Penchant for history pays off for student


Dalton Boszé, a Canfield High School senior, likes to participate in Civil War re-enactments.

By Christine Keeling


A grandfather’s train and a silent movie sparked a passion for history for one local student.

Dalton Bosz made it to the finals of the HISTORY and Houghton Mifflin Harcourt’s National Civil War Student Challenge. The Canfield High School senior finished in the top 30 out of more than 22,000 students age 13 to 19 who participated in the nationwide contest.

“It was me, a pencil, a chair and a table,” said Bosz . “It was fun, but at same time a stressful experience.”

Bosz qualified for a chance at a $15,000 college scholarship grand prize after he placed in the top 30. To prepare, he said, he read about things he found more difficult on the qualifying test.

“If I know it, I know it,” said Bosz . “If not, I’m not going to get it.”

Canfield High School Principal Michael Moldovan administered the final 100-point test that included fill-in-the-blank, multiple choice, matching and essay questions.

The effort netted Bosz a $25 gift certificate and his school $400 in classroom supplies.

Moldovan said the school received history- themed DVDs and media material that will be used by the staff, especially the social-studies department. He said the school community was very proud of Bosz .

“Dalton is a wonderful young man who is very successful in his academics and is involved heavily in the band,” said Moldovan in an email. “He has a serious love for history, especially the Civil War.”

When Bosz was 8, he said he watched a black-and-white silent film because his grandfather, Michael Rosko, owned a model-train set.

“I watched the ‘Great Locomotive Chase,’” said Bosz . “I noticed the uniforms in the movie and wanted to know more.”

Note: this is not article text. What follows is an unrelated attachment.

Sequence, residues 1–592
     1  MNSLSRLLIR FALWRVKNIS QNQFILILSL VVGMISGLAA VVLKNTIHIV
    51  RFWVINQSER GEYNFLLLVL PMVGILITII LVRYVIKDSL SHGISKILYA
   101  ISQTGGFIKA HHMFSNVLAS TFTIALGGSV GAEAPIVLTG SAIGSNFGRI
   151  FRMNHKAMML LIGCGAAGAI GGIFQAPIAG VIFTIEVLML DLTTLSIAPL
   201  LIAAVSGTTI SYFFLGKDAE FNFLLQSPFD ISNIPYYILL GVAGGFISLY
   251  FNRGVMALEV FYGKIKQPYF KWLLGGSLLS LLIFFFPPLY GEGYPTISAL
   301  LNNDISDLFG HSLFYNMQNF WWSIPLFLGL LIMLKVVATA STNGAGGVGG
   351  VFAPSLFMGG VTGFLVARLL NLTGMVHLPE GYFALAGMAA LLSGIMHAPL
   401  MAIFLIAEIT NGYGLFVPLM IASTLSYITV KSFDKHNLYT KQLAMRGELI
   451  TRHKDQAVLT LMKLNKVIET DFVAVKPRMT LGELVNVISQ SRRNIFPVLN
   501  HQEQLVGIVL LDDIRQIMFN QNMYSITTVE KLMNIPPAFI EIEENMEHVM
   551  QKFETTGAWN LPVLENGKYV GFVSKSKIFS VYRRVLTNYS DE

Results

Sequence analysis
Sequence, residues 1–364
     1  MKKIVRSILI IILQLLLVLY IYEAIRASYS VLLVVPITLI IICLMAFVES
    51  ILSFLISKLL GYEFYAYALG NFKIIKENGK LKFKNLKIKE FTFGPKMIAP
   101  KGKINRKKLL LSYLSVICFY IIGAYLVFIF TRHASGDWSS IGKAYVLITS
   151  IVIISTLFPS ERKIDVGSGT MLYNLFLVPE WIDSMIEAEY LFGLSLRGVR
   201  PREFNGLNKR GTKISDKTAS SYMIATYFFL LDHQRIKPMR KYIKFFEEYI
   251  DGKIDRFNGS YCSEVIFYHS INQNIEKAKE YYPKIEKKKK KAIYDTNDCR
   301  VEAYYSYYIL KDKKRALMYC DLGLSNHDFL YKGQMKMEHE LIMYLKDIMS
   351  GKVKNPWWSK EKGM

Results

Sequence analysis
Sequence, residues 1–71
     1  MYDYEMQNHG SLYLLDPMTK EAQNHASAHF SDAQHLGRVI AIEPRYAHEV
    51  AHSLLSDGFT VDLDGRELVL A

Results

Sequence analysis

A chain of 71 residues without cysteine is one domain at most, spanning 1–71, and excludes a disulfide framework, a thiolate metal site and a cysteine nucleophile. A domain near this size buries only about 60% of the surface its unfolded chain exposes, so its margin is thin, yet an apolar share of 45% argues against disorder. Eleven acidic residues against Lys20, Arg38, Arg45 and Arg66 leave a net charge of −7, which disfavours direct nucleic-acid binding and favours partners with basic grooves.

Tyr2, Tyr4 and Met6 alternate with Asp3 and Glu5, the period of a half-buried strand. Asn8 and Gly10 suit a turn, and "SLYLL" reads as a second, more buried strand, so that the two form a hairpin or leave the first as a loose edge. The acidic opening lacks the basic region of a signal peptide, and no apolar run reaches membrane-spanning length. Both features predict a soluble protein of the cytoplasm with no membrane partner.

When he moved to Canfield two years later, he said he saw the 61st Ohio Volunteer Infantry, Company D re-enactment unit at the Canfield Fair.

“Mommy, Daddy, can I join?” Bosz said he remembered asking when he was 10. “I sucked the whole family into it.”

He and his parents, Dean and Shere , and sister, Victoria, take part in Civil War re-enactments. Bosz has participated in battle re-enactments and living histories at the Canfield Fair and in Gettysburg, Pa.

“The test was easier for me because I know what went on in the era, because you don’t want to provide misinformation when you’re re-enacting,” said Bosz .

He also said he dug into his family’s past and found that a descendent on his mother’s side of the family, Thomas Lobb, immigrated from England and belonged to the 68th Pennsylvania Volunteer Infantry that fought at Gettysburg.

“I am very proud that the first in my family that came to this country fought in the Civil War,” said Bosz .

David Costello, a retired Canfield teacher, said he believes the re-enactments help Bosz have a very deep understanding about history.

“He thinks about the implications of past and present,” said Costello. “And has a passion for the subject.”

Bosz said he hoped he could use what he’s learned about the past to lead the country one day.

“I really feel there’s too much bureaucracy,” said Bosz . Politicians “don’t act like statesmen.”

Before Bosz can look to the future, he will be busy finishing his last year at high school. He is a member of the Canfield High School symphonic and marching bands, Stambaugh Youth Concert Band, OMEA All-states Band, speech and debate team, Academic Challenge and will enter the National Honor Society.

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